Thursday, December 20, 2007

Left Handed People Using Right Handed Products

In my early days of playing a right handed guitar left handed I was a sales rep for a local wholesale co. I drove around all day visiting customers and clients filling orders and selling new products. This was before cell phones. I had to stop several times a day to make business phone calls from a pay phone. Most of these calls required for me to write notes and to go through catalogs as I was talking on the phone. I hold my notebook in my left hand, and I write with my left hand. I also hold the phone up to my left ear. I keep my change in my left pants pocket. So here's the scenario, I need to make a phone call so I pull over to a pay phone. I have to take my books with me so I get out of the car with the books in my left hand. I then need to find a quarter in my pocket to put into the phone so I have to either put the books down or hold them in my right hand to get to my pocket. Okay I have the quarter in my hand. I pick up the receiver and put the money into the phone. I put the phone up to my left ear and get ready to dial. Wait a minute, I find out that I either must dial with my awkward right hand or hold the phone to my ear with my shoulder while I use my left hand to dial so I opt for the shoulder technique. Guess what? the cable between the phone and receiver is now in my face and I can't do anything but move the receiver to my right shoulder. The call is made, now I find out that I need to write something down and look up a price at the same time. By now I have the receiver back up to my left ear while holding it with my right hand crossed over. I have to put the pencil down while I flip through the pages of my book. Total chaos because I don't know how to use a right handed pay phone.
What does this story have to do with being a left handed guitar player? Everything. I can handle a right handed pay phone now because after so much frustration, I developed a system to deal with it. No need to explain it now because pay phones are irrelevant these days and I want to stay on subject. When I first picked up a right handed guitar I had the same problem. Total chaos. I was told that I needed a left handed guitar to learn but I couldn't afford one. They are usually a bit more expensive than a standard right handed guitar because the manufacturer must retool equipment to make them and the hand made ones require different tools and jigs to make the different components. Besides that there is not as much of a demand for left handed instruments so it is probably not economically feasible.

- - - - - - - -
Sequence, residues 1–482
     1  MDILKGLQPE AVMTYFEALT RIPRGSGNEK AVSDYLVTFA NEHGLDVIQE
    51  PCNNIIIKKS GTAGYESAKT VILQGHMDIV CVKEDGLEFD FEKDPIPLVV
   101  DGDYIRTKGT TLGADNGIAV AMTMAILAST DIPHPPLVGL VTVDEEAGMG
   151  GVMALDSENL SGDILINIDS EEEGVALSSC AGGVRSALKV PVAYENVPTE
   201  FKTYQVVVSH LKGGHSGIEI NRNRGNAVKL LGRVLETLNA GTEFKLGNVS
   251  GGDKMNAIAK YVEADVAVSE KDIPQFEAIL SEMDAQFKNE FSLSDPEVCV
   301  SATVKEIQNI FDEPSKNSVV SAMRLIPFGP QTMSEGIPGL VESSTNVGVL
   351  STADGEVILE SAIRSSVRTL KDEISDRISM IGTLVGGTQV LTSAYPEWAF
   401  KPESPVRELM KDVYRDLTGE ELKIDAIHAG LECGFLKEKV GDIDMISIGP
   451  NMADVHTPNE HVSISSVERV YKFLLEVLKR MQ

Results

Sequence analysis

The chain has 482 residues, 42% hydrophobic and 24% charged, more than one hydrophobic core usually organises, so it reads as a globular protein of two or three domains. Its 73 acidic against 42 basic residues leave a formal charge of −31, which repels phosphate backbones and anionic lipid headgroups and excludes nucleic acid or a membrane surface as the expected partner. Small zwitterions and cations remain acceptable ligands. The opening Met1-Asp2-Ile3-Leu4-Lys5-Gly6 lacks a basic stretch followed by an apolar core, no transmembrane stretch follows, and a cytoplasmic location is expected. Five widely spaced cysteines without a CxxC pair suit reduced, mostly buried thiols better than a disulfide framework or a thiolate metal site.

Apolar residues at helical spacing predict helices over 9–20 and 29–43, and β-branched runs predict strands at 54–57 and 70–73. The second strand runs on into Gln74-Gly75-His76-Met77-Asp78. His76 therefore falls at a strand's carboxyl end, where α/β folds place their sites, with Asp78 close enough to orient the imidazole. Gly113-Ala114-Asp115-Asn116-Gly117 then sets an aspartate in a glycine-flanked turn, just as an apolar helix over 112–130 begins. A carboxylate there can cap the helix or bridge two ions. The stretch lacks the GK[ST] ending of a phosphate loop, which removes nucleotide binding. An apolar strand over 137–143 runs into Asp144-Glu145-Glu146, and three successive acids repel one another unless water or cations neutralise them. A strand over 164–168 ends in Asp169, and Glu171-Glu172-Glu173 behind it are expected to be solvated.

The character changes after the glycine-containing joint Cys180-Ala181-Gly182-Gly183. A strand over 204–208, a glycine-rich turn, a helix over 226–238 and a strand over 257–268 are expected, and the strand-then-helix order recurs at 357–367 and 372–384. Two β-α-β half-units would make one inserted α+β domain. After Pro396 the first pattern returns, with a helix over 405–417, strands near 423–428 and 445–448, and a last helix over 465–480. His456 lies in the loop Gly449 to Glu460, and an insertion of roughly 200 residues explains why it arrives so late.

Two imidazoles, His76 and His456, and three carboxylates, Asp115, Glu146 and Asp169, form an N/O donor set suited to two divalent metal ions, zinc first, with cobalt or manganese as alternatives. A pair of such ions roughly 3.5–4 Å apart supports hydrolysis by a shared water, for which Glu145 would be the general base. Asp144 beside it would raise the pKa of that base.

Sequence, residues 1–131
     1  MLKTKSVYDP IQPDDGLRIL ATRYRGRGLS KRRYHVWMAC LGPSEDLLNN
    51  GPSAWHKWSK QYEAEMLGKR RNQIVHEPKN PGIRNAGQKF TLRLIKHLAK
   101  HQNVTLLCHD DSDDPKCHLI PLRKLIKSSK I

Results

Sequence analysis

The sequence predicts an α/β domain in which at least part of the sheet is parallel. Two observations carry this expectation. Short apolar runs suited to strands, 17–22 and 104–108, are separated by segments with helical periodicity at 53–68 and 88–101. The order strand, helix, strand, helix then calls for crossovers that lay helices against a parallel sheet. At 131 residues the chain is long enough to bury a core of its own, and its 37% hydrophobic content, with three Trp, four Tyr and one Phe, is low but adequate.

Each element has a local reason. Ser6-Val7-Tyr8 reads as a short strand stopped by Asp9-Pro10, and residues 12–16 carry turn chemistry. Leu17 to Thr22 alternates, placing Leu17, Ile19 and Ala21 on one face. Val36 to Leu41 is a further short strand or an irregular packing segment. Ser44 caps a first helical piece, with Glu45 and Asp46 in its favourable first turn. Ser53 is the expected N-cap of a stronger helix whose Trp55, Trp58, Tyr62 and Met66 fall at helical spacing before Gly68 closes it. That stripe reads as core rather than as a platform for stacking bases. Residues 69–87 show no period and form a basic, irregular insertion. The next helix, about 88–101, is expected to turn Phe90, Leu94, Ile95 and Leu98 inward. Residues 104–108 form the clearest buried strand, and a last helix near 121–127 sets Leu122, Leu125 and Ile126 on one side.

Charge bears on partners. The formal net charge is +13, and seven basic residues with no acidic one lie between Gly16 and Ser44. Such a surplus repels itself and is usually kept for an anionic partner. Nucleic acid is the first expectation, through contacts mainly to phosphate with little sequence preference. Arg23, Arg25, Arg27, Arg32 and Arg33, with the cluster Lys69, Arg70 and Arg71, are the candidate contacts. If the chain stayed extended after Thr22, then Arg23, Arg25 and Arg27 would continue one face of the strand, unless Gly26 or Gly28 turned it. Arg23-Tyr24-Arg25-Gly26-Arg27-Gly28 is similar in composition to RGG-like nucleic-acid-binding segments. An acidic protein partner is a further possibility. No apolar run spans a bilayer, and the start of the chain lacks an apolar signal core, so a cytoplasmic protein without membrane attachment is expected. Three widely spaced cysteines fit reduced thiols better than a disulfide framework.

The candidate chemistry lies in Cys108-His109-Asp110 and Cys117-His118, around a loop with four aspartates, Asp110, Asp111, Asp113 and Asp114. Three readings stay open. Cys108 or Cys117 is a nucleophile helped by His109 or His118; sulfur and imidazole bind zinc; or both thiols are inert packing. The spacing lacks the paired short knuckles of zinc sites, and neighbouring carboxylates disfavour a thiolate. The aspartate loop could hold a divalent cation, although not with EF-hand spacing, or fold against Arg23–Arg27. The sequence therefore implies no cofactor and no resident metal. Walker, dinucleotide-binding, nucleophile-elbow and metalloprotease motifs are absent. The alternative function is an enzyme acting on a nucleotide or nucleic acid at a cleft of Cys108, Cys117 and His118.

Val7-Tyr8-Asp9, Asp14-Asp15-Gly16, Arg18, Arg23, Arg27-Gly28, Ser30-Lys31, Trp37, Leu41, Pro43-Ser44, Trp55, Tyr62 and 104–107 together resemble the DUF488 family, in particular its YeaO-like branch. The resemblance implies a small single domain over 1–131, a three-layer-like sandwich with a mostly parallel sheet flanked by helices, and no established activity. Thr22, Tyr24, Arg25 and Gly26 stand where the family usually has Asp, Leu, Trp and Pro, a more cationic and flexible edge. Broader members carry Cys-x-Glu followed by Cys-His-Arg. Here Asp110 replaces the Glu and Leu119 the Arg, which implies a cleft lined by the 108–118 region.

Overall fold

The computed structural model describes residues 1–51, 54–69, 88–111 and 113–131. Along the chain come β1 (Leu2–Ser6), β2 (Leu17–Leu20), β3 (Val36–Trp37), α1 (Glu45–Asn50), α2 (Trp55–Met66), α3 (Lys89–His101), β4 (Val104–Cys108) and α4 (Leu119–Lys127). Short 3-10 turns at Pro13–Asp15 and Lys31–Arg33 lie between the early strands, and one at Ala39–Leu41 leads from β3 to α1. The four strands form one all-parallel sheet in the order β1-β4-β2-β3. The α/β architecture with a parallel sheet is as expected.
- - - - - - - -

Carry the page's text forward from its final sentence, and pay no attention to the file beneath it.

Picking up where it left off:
Here is my point. I use right handed tools all of the time from power saws to scissors and have found a way to adapt. Just because they were made in a standard way without the left handed person in mind doesn't mean that they can't be used safely by a left handed person. If you can afford left handed tools by all means buy them but don't complain about right handed products because that isn't exactly a top priority in peoples minds of injustices. They usually just tell you to quit whining. I don't whine because I defy them and use the products however they are made.

Wednesday, November 28, 2007

Strumming Or Picking Style

We feel relatively comfortable now playing a right handed guitar left handed and holding the guitar left handed. We can make the major chords, A, B, C, D, E, F and G with the right hand. What about the left hand? How do I hold the pick? What type of strumming technique do I use? There is no particular technique and I have never seen any particular instructional guide for what is right and wrong for this unorthodox way of playing the right handed guitar left handed. I can only tell you what I do and how I developed the technique that I use.
"Flat Picking" is a term used to play mostly single notes combined with chords for a lead acoustic guitar part. If you want to hear examples of "Flat Picking" then listen to any song by Doc Watson. As far as picking the lead, there is no difference in the way you hold the pick left handed and the way a right handed player holds the pick. Between the thumb and the index finger. Problems may arise when the palm of your left hand tend to muffle the strings. To avoid this, position your left hand with the wrist pointing away from the strings. In other words you may have to bend your wrist much like you do when you write left handed. You may come up with your own method but that is how I do it. Another problem may be in the method that you learn the lead part. I have learned by three methods. Tabulature, being taught one on one by someone else, and figuring it out on my own. Tabulature is a good tool for learning scales and exercises. You just have to interpolate what you are reading because again it is written with the right handed player in mind. Left handed tabulature is available but not useful because you are not really playing the guitar left handed in the context that it is written. Believe me, it's not as hard as it sounds. The easiest way to learn a lead lick is to have someone teach you one on one sitting across from you.
"Finger Picking" is when you play multiple strings set to a rhythm that gives the melody a fullness much like a piano where you separate melody and bass notes. Classical guitar music would be a good example. I hold the pick between the thumb and index finger and pick out the bass notes simultaneously with my middle finger. This method works well for me since I have tried everything else to no avail. I even tried the three finger "Scruggs" banjo style but it just sounded like a banjo roll.
"Strumming" rhythm may be a challenge at first for the left handed player because you will have to concentrate on picking using an up stroke instead of a down stroke as a right handed player does. Just remember that when you play a strum you will normally start on the low E string and strum up to the high E.

Wednesday, November 14, 2007

Chords And Finger Positions